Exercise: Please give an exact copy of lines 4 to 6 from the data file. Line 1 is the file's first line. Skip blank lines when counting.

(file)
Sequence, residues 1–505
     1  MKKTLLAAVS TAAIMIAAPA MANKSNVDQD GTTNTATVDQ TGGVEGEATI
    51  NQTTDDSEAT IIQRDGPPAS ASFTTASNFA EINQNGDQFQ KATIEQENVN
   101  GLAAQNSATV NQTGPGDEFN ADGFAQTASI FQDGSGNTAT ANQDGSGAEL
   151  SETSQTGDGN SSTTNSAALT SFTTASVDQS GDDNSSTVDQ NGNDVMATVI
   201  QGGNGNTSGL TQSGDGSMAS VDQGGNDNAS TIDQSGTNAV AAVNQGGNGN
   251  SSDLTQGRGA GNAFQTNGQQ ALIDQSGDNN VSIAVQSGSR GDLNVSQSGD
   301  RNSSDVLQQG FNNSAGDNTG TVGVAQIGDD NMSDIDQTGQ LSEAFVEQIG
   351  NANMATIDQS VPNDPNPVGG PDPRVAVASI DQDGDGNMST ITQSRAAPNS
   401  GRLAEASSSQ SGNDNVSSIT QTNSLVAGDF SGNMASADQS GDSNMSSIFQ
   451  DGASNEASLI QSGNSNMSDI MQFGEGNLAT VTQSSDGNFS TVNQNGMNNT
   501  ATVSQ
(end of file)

   101  GLAAQNSATV NQTGPGDEFN ADGFAQTASI FQDGSGNTAT ANQDGSGAEL
   151  SETSQTGDGN SSTTNSAALT SFTTASVDQS GDDNSSTVDQ NGNDVMATVI
   201  QGGNGNTSGL TQSGDGSMAS VDQGGNDNAS TIDQSGTNAV AAVNQGGNGN